Poland has already adopted the majority of the EU regulations, e.g. the Directive 2004/12/EC (amending Directive 94/62/EC) on packaging and packaging waste, which imposes the obligation of adopting specified packaging waste recovery and recycling levels on Member States. The Directive was introduced into Polish law in 2001, and updated over the course of the following years. The entrepreneur-manufactures or importers of packed materials were obliged to attain the appropriate percentage level for mass of the packaging waste towards the implemented packaging mass. The legislation permits the delegation of this obligation to a recovery organization. If they fail to attain the statutory level of recycling, they are obliged to pay a product fee for the difference between the required and the achieved level of recovery and/or recycling, expressed in product weight or quantity

The Minister of the Environment's Regulation of 14 June 2007 on annual levels of recovery and recycling of packaging and post-usage waste (O. J. No. 109 item 752) stipulated the required level of recovery and recycling.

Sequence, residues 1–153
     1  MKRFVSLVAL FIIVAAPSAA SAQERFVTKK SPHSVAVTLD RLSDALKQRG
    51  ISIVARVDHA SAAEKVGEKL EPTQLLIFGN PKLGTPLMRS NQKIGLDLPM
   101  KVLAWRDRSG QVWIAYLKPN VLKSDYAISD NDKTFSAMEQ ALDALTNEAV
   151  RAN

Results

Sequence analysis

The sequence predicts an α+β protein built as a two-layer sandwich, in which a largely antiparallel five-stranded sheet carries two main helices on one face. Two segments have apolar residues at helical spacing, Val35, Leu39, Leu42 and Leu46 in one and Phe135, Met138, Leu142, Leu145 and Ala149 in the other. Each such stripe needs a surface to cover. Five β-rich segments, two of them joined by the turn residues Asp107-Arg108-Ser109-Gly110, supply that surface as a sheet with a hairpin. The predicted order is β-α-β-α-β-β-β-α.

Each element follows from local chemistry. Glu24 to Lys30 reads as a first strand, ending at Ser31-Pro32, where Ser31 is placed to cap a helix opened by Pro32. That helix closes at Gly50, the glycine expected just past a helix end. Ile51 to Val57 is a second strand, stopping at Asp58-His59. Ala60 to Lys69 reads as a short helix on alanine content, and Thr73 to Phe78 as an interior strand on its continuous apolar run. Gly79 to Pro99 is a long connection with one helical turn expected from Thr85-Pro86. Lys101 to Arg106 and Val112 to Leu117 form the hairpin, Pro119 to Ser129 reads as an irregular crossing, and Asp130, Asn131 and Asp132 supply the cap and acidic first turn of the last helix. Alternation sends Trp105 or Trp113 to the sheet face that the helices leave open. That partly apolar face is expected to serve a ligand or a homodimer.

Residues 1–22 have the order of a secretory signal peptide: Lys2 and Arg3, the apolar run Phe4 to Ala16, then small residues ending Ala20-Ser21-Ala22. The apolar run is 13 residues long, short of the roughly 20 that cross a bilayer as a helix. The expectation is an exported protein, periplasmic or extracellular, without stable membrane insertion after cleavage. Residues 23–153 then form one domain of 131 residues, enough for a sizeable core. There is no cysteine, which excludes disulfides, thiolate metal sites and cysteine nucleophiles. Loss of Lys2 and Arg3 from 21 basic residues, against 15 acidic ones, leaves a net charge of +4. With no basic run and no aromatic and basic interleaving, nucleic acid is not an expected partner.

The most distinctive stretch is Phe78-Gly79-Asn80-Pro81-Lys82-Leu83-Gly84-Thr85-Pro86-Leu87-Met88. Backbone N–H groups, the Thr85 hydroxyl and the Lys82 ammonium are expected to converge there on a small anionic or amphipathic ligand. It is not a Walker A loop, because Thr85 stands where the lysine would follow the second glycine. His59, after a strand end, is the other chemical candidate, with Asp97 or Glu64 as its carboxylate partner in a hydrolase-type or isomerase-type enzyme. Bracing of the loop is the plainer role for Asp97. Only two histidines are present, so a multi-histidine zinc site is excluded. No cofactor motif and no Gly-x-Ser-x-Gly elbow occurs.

. The fees are imposed on entrepreneur-manufactures or importers of packaging materials. The system is very complicated, as the duty imposed on an individual company for different types of packaging material, and not on the total tonnage of packaging material, can be met by company itself, or by a recovery organization. The product fee is in correlation with the collection costs, but the cost of collection from an industrial source (bulky packaging waste) is several time lower than from individual one. In 2008, the product fee varied from PLN 0.26/kg for glass to PLN 2.37/kg for plastic. In general, being higher than the price, which can be obtained for material separated from municipal waste (Kulczycka & Kowalski, 2010).

The system seems to be very effective, given that official statistics suggest that the required level of recycling for all types of packaging material was not only achieved, but, in a number of years, was even significantly exceeded (tab. 2). The very high level of recycling in 2004-2006 presented here was mainly due to the system of classification introduced by the Ministry of the Environment, whereby if required annual recovery and recycling levels excess 100%, were carried forward to the report for the next year. This was amended in 2007 and from then on reported recovery and recycling levels have not included the aforementioned surplus (GUS, 2009).